I am often frustrated by the lack of depth in articles about sustainability. It’s as if all writers and “experts” are recycling the same content. We all feel this impending sense of climactic doom and want to make changes, but then we are fed the same tips we already know. I think I’ve discovered why this is happening.
It’s because the next steps are unknown, a vast unexplored area of low-carbon living. Heretofore, those pioneering this lifestyle ended up far off the grid, eschewing normal lives. Where are the pioneers looking for ways to be low-carbon while driving a car in a city?
I am one and there are not many of us. It takes a bold, rather radical, person to examine ones own lifestyle. To make changes considered gross, unsanitary, or socially weird. Which makes me the perfect person for such explorations because I have a strange lack of mindfulness for society at large and gross things (does that also make a sociopath?).
That also explains why those already with fame and a voice are struggling with these next steps. Al Gore comes to mind as the great voice of global warming, but his encore, the solution to the problem never appeared. This is nothing against the man, he did the world a great service, he is a champion of causes, he invests in green businesses, but he is probably not a radical pioneer of solutions.
I like to think of it as the Christopher Columbus problem. In 1492, there were plenty of great sailors and adventurous men, but very few willing to go beyond the horizon. I think we are at the same point now. Everyone wants to be green, some even desperately so, but who is willing to go beyond the horizon?
Not many, I suppose, and that’s the way it has always been. The world moves forward thanks to those crazy thinkers, like Albert Einstein, who have the right mindset, motivation, and skills to do so. They will be the ones pioneering the low-carbon lifestyle and showing the way for the rest of us.
We probably won’t find those folks in the mainstream media or in our celebrity roster. Instead, they will be found on the fringes writing on a blog. Talking about crazy things like an all farmers market diet or living zero waste. Sharing tips like how to drink coffee or making your own sunscreen. All that we crazies ask of you, the reader, is to show your support. Let us know what you need help on, comment with your experiences, and email us your questions (steve [at] 1X57.com).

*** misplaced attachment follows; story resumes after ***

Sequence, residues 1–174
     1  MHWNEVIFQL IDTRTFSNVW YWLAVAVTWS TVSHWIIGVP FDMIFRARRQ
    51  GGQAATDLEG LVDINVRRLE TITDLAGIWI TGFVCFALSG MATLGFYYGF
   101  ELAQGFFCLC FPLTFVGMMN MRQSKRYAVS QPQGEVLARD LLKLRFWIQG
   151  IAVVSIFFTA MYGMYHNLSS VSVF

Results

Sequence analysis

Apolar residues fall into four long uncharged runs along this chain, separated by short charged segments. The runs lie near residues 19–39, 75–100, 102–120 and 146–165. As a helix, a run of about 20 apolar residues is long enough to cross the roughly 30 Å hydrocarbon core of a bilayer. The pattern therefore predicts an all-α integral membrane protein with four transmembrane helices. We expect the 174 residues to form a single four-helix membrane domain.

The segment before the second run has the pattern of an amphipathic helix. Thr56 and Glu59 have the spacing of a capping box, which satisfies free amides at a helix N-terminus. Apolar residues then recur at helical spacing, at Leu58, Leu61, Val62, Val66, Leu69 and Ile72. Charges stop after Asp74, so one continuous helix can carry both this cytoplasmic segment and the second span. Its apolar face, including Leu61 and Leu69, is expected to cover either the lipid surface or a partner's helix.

Here’s to the crazy ones:
Good post Steve. You’re absolutely right: There aren’t many in the MSM that are talking seriously — or for a sustained period (pun intended) — about sustainability.
As you point out, much of the dialogue/monologue on the topic is in the blogging community. I read/subscribe to The Archdruid Report. His blog is a “peak-oil” -ish blog that is focused on what will happen/how we’ll behave/how we’ll live after cheap oil becomes increasingly difficult to extract. (Here’s just one of his posts: “Waking Up, Walking Away” http://goo.gl/l3pxP).
I’ve noticed you’ve cited James Kuntsler’s blog (http://www.kunstler.com/index.php) before. He needs to dial it back a notch before his views are even listened to (much less respected) by the MSM and -peak-oil skeptics alike.
By contrast, the Archdruid is quietly publishing the truths we need to hear, as well as the ways we have at our disposal — albeit with some EFFORT on our part — to deal with the “end-of-cheap fossil fuels” reality that is surely coming.
His posts in 2010 & 2011 on “green wizardry” present ways (& lifestyle changes?) that can help on deal with coming hardships caused by the (precipitous) decline in “cheap oil”: solar stoves, worm-bin composters, etc. Good stuff, some of which hearkens back to the 1970’s (oh, if we had listened!).
The Archdruid’s long, well-researched posts are a welcome addition to my RSS feed delivery.
Keep up the good work, Steve. here and at your other site/FB page (A Clean Life).
Michelle – thanks for the comment and praise. Also, thanks for pointing me to Archdruid too. He’s very interesting and though I might disagree about the hardship part, we seem to think in similar ways. – Steve
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